根据Plutus Wealth的Thomas Diaper所言，三月预算（明年四月生效）中限制条件的松绑大大提升了退休金产品的感召力。一旦退休，储户就能对基金做出灵活的调整。此外，退休金的税费规定允许那些税率高的人们推迟纳税，直到退休后回到基本税率标准再进行纳税，这意味着退休金将会成为很多储户的首要选择。特别是对于那些想要做出贡献的雇主来说尤其是这样的，Hargreaves Lansdown的Danny Cox如是说。
Peer-to-peer lending can help you to save for retirement
But pensions are still more appropriatefor many savers.
The peer-to-peer lending industry is booming. Figures from the Peer-to-Peer Finance Association showed that over £500m of new money was lent in the first half of 2014, with over 66,000 retail investors offering loans to individuals and small business though online platforms like Zopa. Returns can be attractive, offering the chance for both long-term capital accumulation and regular income.
And with plans in place to allow these investments in the new Isa (Nisa) – the Treasury says it is informally consulting with industry on the details, and will launch a public consultation later this year – many expect peer-to-peer to form an important part of some people’s retirement saving plans.
Some are using peer-to-peer investments for a steady income when in retirement
PENSIONS AND THE NISA
With UK life expectancy increasing, having a large pot of capital for retirement is of growing importance. Prudential found that someone turning 65 this year can expect an average of 20 years in retirement, and would need a pension pot of around £121,000 to receive the £15,800 average expected annual retirement income – a figure that includes the full state pension. With life expectancy likely to keep rising, the requisite pot size will grow. And Prudential’s calculations assume a post-retirement income well below what many would hope for.
The loosening of drawdown restrictions in March’s Budget (coming into force next April) has boosted the appeal of pension products, according to Plutus Wealth’s Thomas Diaper. Savers will have greater flexibility over what to do with funds once they reach retirement. And the tax treatment of pensions, allowing higher rate payers to defer taxation until they are a basic rate payer in retirement, means pensions will still be the first choice for many savers. This is particularly the case for those with employers willing to contribute, says Hargreaves Lansdown’s Danny Cox.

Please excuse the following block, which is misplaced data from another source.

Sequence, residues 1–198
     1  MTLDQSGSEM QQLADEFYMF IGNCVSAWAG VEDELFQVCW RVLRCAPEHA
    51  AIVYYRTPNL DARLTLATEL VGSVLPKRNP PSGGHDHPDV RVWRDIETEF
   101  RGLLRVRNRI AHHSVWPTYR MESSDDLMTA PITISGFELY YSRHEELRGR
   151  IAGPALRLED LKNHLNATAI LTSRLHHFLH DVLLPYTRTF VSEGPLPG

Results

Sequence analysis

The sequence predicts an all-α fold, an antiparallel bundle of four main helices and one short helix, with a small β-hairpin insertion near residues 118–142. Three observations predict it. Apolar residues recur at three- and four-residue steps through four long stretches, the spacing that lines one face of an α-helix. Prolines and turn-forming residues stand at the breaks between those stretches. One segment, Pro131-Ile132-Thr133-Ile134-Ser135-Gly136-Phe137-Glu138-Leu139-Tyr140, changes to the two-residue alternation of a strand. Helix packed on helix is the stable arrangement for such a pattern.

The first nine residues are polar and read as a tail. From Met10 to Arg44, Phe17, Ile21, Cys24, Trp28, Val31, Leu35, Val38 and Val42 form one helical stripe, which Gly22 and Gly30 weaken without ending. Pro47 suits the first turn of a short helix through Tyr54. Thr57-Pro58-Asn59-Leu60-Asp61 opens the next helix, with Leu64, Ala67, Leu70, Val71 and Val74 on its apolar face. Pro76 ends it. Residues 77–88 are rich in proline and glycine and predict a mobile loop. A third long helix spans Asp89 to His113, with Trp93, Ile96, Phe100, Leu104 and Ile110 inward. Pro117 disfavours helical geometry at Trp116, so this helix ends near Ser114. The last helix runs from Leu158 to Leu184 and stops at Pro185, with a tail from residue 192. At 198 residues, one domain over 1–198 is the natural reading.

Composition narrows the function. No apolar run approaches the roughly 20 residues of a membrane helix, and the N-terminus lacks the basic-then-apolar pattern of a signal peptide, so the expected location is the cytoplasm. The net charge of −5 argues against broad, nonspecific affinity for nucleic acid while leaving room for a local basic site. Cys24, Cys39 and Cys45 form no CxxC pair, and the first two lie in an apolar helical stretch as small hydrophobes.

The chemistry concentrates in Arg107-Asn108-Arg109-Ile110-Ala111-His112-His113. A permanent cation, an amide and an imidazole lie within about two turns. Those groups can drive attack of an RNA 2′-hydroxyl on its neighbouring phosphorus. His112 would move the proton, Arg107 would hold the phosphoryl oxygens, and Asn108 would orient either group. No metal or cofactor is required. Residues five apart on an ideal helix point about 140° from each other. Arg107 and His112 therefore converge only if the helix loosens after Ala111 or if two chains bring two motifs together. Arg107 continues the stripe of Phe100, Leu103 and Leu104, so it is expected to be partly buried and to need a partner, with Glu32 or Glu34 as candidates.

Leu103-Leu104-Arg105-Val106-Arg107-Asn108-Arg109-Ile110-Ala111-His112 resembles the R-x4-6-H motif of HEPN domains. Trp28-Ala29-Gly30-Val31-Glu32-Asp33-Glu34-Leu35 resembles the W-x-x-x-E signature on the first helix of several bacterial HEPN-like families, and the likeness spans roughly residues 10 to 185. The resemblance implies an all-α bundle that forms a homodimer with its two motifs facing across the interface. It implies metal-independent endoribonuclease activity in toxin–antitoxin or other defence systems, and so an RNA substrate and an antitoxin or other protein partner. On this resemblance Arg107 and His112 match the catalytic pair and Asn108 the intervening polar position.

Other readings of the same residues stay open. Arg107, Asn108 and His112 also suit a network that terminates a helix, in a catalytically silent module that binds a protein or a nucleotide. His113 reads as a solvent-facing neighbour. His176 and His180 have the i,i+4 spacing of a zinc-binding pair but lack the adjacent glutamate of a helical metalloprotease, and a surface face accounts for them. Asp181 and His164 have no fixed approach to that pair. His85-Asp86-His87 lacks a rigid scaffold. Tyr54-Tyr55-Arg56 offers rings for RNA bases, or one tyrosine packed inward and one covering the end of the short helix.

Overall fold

But for others, particularly those unwilling to tie capital up in a pension scheme, Nisas may be a better option. Diaper says that younger savers, for example, will typically be accruing capital for a house deposit, meaning there is little reason to lock funds in a pension scheme. Nisas allow you to withdraw money tax-free at any time.
And by extension, peer-to-peer investments in a Nisa could be a particularly attractive way to save for investors with a higher risk appetite, says Diaper. With typical returns of around 5 per cent (depending on the duration of the loan) for well-established platforms like Zopa, capital growth can be on a par with some equities. And while peer-to-peer investments don’t qualify for the Financial Services Compensation Scheme, which covers up to £85,000 of your cash in the event that a bank or building society goes bust, default rates have been extremely low in recent years – often well below 1 per cent at the leading platforms. Cox points out that established providers have a safeguard fund or insurance to help guard against capital losses.
And even outside the Nisa, many retirees are using peer-to-peer lending for an income stream in retirement. With returns often paid in monthly chunks of capital and interest, some expect this to provide a part-replacement for annuities. Kevin Mountford of MoneySuperMarket.com says that “we are seeing a lot of older people using these platforms. They typically put a small amount in, and then gradually build it up.”
Of course, it’s naive to expect higher returns without more risk than cash, and Cox thinks default rates may increase as base rates begin to rise. But peer-to-peer platforms are building up a strong following, he says, and look set to play a part in many people’s long-term saving plans.
How could peer-to-peer (P2P) lending help you reach your retirement goals? First, it’s a good way to grow capital. According to Zopa calculations, if you lent a £1,000 lump sum initially over its platform, and then added £500 each month, you would end up with a total pot worth £304,390 after 25 years, and just £150,500 would have been your contributions. This assumes a 5.2 per cent annualised return before tax, after a 1 per cent fee, and that you re-invest interest payments. And that capital could provide an attractive income once you retire: on Zopa’s five-year loan rate, £304,390 would return £15,828 before tax each year. The average return to lenders via Zopa is 5 per cent.
George Osborne announced in the 2014 Budget that P2P will soon be eligible to be included in the Isa wrapper, making it free of taxation. And while the lifetime allowance for pensions is £1.25m (any money above that amount is liable for punitive rates of taxation), there is no limit as to how much you can lend via P2P, making it a useful way to supplement other funds.
There are risks. But since 2010, bad debt on Zopa has averaged 0.25 per cent. Further, now with a community of 57,000 active lenders, over £600m has been lent through Zopa. There is also a Safeguard fund, currently holding over £5m, designed to step in and give you back your money, including interest owed, if a borrower falls too far behind on their payments.
To reduce risk further, your money is lent out in small chunks to different borrowers, who also have to pass a series of checks: they must be over 20 years’ old, UK residents for at least three years, must earn at least £12,000 a year, and have a solid credit history. And while you will need to pay a 1 per cent fee to access your capital if it hasn’t yet been paid back by borrowers, you can withdraw money as it is repaid each month.